James Dean wasn’t a teenager in 1955. He was 24 years old and had survived a fairly traumatic youth of his own to emerge as a favorite of drama critics everywhere. He still had a youthful look, however, and, in Hollywood’s time-honored tradition, was cast as the lead teen in iconoclastic director Nicholas Ray’s follow-up to Johnny GuitarRebel Without a Cause.

The making of Rebel Without a Cause and its unique place in film history has been well-documented in a dozen different books and documentaries. But what about the movie itself? Is it any good or just remembered because of Dean? Does it hold up to modern eyes?

I hadn’t seen Rebel Without a Cause in about 40 years when I revisted it the other day.

We start out with Dean’s character, Jim Stark, taken in for drunkenness. He’s still feeling the effects of his evening, whooping it up a bit as we also meet young Plato (Sal Mineo) and Judy (Natalie Wood). One by one, Ray (played by Ed Platt, later Get Smart’s Chief), the juvenile officer, interviews them, setting up some backstory. It seems Plato has some issues and killed some puppies and it’s implied that Judy gets back at her father by being a bad girl out on the streets. Jim’s story is a bit more complex. It seems his family just moved to Los Angeles after he had trouble fitting in elsewhere. He loves his parents but has no respect left for his wimpy father (Jim Backus), domineering mother, and overpowering grandmother.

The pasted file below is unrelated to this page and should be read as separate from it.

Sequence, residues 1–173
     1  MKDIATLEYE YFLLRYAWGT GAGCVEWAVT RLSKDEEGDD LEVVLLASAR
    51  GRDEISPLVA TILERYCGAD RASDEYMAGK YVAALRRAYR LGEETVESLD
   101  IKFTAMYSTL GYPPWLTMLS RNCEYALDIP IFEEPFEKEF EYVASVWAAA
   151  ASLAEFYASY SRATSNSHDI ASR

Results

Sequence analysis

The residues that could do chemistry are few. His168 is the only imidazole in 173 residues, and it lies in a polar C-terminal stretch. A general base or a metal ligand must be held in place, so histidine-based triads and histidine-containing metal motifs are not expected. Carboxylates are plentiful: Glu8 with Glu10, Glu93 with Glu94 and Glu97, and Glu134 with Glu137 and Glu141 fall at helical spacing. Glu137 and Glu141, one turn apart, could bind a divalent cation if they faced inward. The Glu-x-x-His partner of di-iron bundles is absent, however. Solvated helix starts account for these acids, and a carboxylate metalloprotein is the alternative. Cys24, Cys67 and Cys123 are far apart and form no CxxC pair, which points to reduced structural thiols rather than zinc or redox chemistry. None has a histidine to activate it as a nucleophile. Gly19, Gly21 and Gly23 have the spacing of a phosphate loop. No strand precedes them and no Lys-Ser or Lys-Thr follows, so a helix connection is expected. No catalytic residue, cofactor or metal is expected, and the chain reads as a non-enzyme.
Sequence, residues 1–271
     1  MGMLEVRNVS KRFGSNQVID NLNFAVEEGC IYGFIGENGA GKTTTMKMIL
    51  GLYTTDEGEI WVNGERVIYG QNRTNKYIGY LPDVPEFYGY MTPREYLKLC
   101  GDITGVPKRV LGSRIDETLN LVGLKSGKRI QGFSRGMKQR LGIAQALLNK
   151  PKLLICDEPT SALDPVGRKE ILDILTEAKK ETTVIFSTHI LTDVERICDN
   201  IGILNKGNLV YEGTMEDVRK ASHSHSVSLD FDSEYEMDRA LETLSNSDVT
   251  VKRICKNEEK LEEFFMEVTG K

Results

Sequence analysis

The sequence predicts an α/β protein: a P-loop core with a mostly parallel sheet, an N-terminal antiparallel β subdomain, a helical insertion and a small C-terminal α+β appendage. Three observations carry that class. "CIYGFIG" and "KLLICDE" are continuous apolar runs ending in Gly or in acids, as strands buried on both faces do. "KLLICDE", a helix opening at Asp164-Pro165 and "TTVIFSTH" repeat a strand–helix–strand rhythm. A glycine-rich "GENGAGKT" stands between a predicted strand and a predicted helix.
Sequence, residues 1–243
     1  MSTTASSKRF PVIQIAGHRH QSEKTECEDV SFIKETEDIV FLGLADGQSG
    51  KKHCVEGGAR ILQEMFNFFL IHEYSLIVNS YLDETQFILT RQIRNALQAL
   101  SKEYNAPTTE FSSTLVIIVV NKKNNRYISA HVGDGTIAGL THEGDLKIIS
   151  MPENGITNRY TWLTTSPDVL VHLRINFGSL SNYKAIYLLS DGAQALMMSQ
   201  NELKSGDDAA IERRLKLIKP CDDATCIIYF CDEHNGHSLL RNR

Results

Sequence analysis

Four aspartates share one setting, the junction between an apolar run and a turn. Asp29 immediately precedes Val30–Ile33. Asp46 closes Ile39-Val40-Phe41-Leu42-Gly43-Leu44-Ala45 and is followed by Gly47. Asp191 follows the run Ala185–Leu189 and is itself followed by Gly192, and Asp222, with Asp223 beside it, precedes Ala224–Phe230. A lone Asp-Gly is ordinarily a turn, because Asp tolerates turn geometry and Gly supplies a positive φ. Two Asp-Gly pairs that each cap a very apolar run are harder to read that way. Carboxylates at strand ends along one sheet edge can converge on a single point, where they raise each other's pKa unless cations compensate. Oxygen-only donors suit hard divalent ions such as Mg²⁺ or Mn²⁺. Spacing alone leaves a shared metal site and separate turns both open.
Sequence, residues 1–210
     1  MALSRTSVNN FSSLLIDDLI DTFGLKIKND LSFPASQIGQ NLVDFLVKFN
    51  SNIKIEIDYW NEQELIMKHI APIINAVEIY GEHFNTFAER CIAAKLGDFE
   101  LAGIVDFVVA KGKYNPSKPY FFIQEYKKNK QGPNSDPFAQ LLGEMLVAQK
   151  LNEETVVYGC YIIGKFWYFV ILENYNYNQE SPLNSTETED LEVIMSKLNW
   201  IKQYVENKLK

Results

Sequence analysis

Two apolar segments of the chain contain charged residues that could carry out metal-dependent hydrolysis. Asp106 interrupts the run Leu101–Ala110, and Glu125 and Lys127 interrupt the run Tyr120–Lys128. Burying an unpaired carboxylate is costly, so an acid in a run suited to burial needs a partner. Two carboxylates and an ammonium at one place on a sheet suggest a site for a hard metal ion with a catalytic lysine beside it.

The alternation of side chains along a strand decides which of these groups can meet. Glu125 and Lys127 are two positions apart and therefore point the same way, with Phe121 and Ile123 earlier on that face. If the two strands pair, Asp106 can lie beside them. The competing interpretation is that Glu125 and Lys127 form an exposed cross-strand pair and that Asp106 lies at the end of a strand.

After these late night introductions, as I understood it, the rest of the picture all takes place in the span of one day. One long, eventful day. Jim tries to talk to his neighbor, Judy, recognizing her from the previous night. He offers to drive her to school on his first day but she prefers to go with a carful of rowdy boys. At school, he runs into Plato again, too, bullied and belittled, and Plato latches onto him as if he were Jim’s new sidekick. Throughout the course of a field trip that day, the bullies decide to beat up the new kid to show him who’s boss. Only Jim more than holds his own in a knife fight. It’s decided instead that Jim and the gang leader, Buzz, would do a “chickie run” that evening. Jim says he does them all the time, but then has to ask Plato what they are.